The server need not make the effort of deliberately trying to avoid re-assigning random numbers that have been used before: the chance of it happening is so low that even if it did, nobody would know to make use of it.

When a user logs out through some deliberate logout function, their current cookie number is also invalidated. The user also has an option somewhere to clear all persistent logins being remembered by the system, just in case.

Periodically, the database is purged of associations older than a certain time-period (three months, perhaps: the size of the table would be far more an issue than any possibilities of collision in a 128 bit random space).

The following user functions must not be reachable through a cookie-based login, but only through the typing of a valid password:

  • Changing the user's password
  • Changing the user's email address (especially if email-based password recovery is used)
  • Any access to the user's address, payment details or financial information
  • Any ability to make a purchase


If the login cookie is compromised, the attacker has access to the common functions of the site as that user. This is inevitable whatever the cookie contains. However, the attacker can not:

  • Access sensitive user information
  • Spend the user's money
  • Recover the user's password and try it on other sites
  • Prevent the user from receiving notifications from the site of things that may have been done in their name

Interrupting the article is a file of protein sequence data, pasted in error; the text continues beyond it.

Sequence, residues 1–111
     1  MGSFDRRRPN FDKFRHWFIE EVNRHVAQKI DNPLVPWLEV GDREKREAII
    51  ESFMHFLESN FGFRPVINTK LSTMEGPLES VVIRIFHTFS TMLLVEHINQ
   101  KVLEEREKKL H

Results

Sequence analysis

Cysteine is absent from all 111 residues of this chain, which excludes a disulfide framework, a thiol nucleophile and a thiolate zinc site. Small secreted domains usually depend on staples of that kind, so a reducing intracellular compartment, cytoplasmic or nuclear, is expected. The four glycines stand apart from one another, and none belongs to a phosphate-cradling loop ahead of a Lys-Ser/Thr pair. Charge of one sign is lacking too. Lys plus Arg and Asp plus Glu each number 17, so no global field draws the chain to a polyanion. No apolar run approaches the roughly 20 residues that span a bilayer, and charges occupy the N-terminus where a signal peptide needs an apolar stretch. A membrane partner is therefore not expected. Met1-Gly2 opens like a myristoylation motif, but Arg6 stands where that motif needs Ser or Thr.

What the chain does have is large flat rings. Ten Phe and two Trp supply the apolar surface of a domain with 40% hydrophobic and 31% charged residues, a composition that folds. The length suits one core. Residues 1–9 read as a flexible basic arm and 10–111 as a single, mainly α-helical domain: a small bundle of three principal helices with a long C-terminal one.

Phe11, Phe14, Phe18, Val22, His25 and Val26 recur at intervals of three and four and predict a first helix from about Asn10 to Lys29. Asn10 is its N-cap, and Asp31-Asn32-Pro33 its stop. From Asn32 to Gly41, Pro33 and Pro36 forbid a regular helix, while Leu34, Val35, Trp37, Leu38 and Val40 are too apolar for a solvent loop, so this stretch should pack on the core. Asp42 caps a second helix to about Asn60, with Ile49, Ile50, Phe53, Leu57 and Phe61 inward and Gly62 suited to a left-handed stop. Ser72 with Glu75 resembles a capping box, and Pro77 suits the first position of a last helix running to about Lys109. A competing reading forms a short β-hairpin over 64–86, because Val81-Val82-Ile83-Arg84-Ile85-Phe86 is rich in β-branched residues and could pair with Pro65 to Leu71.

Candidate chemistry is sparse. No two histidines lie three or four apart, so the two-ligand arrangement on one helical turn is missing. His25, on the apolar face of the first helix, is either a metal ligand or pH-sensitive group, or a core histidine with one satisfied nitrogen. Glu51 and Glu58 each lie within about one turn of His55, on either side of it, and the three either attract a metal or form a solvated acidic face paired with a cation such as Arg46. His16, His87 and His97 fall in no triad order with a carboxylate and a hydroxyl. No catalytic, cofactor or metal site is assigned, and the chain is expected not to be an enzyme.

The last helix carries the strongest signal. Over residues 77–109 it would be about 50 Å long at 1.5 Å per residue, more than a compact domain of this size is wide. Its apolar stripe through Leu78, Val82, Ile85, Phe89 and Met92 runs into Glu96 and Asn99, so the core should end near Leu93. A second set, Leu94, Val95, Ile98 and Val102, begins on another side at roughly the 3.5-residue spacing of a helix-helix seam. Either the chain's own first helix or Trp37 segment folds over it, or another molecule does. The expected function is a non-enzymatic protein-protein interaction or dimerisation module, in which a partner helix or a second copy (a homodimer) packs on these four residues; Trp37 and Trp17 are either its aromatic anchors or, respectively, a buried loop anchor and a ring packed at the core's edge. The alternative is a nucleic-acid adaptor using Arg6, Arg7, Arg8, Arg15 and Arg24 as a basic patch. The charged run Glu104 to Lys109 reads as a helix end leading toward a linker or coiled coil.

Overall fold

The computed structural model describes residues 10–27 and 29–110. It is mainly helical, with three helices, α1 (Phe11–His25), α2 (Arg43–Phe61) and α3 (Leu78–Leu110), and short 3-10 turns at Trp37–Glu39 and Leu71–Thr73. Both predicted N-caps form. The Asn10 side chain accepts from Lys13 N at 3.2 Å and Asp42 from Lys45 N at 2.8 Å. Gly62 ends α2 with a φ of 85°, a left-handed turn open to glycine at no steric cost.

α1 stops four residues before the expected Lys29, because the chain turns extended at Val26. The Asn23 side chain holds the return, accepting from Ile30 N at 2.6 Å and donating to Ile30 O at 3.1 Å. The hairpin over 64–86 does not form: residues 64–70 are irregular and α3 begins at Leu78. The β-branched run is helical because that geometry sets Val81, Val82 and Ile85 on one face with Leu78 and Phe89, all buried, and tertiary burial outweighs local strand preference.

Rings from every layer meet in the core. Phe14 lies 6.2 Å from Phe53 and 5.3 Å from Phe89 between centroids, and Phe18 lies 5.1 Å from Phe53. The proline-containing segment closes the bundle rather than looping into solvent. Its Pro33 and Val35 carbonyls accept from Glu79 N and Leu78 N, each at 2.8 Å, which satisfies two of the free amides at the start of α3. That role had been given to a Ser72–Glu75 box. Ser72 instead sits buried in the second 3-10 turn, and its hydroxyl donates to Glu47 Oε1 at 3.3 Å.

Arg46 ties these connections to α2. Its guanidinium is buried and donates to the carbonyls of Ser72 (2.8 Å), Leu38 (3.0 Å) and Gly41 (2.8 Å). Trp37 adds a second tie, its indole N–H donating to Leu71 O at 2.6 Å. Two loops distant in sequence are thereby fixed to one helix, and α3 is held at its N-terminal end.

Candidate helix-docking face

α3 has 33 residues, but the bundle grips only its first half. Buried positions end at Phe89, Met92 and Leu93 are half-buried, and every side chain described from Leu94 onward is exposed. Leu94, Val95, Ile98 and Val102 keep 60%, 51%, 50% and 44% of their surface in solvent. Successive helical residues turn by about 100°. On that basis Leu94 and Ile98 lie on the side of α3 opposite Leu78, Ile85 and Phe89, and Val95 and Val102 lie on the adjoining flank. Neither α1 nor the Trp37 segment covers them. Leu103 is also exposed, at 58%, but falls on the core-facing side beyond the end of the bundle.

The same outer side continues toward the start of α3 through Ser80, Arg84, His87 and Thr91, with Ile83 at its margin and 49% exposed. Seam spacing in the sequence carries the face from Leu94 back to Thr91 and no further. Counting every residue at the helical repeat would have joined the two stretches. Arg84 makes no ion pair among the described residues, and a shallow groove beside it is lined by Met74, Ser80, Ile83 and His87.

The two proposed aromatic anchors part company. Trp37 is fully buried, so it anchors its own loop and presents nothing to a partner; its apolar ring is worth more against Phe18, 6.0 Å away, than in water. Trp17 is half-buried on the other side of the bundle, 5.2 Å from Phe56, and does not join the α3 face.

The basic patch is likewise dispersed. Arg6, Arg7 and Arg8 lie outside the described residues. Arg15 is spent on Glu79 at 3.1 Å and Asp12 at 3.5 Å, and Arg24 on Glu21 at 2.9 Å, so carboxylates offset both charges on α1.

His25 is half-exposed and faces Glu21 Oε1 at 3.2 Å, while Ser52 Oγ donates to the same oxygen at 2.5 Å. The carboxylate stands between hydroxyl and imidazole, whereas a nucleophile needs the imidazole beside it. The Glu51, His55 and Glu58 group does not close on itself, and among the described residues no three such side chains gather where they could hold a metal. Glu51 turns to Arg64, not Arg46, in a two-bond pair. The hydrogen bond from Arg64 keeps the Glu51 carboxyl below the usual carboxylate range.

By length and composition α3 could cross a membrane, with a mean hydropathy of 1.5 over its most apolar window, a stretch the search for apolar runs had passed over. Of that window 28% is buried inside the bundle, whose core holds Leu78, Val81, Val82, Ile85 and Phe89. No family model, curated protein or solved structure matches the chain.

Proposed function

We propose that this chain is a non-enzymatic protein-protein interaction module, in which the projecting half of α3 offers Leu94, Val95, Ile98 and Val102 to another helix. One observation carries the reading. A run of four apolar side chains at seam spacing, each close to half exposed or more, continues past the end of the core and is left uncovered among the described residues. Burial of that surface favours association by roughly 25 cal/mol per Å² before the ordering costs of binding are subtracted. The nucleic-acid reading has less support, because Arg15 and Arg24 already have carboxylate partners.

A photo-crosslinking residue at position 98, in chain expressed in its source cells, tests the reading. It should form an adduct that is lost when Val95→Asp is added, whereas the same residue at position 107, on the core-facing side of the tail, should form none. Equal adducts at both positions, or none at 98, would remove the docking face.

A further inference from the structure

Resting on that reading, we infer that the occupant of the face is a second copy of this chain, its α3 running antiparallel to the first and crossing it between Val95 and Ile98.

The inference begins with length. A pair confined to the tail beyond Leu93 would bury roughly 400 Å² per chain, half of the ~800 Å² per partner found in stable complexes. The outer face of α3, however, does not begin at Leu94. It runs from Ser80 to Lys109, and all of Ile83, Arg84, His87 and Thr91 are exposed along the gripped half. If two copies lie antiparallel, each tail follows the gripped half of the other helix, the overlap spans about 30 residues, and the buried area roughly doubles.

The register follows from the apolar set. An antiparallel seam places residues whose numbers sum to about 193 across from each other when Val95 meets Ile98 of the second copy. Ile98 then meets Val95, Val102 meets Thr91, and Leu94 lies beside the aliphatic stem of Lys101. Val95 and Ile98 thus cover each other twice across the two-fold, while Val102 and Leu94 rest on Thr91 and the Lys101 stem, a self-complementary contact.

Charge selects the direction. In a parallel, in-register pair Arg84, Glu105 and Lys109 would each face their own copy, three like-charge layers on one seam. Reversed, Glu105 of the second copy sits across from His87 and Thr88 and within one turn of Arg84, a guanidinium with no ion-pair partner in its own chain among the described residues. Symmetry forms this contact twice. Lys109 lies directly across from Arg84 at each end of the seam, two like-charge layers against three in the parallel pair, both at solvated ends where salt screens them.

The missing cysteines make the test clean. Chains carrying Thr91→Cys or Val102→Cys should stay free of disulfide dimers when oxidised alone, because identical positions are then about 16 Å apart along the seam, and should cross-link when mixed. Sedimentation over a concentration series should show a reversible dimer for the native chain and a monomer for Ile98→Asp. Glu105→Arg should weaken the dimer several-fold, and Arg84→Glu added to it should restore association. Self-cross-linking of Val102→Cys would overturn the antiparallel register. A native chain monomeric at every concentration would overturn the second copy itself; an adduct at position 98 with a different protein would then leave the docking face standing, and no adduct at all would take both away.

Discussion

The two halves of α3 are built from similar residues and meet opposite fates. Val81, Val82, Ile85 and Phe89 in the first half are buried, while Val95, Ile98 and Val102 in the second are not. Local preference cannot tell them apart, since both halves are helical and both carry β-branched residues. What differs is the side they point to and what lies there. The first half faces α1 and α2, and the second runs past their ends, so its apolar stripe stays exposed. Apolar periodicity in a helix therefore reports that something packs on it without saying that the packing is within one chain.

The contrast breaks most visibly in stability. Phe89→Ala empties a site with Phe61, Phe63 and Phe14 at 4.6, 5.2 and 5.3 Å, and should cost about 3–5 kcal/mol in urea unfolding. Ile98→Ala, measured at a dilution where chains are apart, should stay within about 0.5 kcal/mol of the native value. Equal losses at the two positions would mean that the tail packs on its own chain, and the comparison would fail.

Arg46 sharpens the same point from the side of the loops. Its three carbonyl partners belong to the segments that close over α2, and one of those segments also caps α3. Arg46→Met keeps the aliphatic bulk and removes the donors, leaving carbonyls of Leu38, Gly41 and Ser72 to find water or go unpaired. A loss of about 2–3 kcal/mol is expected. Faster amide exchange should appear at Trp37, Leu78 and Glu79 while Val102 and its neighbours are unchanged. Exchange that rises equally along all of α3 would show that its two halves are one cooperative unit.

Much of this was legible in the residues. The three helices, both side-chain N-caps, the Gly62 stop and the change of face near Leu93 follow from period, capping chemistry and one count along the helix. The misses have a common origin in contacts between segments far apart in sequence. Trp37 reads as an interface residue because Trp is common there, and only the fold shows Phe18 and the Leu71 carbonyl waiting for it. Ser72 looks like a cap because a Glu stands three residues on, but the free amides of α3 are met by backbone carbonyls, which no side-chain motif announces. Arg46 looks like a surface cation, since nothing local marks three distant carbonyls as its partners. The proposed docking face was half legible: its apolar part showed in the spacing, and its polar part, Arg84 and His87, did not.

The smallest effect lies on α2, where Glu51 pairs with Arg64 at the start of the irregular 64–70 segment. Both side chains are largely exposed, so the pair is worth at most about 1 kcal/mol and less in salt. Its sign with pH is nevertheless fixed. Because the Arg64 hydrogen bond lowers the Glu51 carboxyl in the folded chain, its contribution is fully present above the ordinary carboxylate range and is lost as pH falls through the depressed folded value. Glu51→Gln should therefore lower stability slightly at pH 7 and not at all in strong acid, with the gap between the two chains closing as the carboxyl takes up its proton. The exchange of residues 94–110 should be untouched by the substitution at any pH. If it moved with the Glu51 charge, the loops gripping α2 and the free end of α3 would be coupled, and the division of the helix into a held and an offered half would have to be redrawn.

• Share the stolen login with others

The mutating nature of the cookie also provides a much smaller window of opportunity for an attacker to exploit a stolen cookie, and means the attacker must be far more careful they don't end up with a useless set of credentials.

Update: Barry Jaspan suggests an addition to the protocol that would further reduce the window of opportunity for stolen cookies: if a cookie that has been known to be used before (and thus invalidated) is presented, treat it as evidence of an attack and invalidate all saved logins for that user.

Well, it's been exactly a month since Beta 1 was released, so today we finally got the Cannon-Brookes Seal of Approval for the release of... Confluence Beta 3! (product page) (documentation site) (public sandbox)

Beta 2 escaped last Friday, but didn't survive long. It was a mercy killing.

I hope you'll excuse me selling out my principles here and using my blog as advertising space, but lately I've spent a significant proportion of my days working on this thing, and I think it's pretty cool.

I was given the task of writing the release notes, and it turns out that in the last month -- well, less considering the interruptions of Christmas, New Year, and the week or so we all spent working on Javablogs -- we resolved something like 95 issues, 32 of which were either new features or enhancements.

Most of them are listed here. Yes, those are two sets of JIRA search results embedded in a Confluence page.

Go us. Mad props to Ara, Armond, Dave, Mike and Ross. I am not worthy.

Every bottle of James Squire Original Amber Ale has a little story about the beer printed on the label. This one is all about how often the original James Squire got laid. I suppose it's fitting: maybe someone will be inspired by label and beer, and use it as an excuse to wake up the next morning and wonder how the hell they got drunk enough for that to look attractive (a question generally shared by the other party). However, its slightly less appropriate to me, having spent this Sunday night in my apartment with a six-pack of the aforementioned, and the X-Box.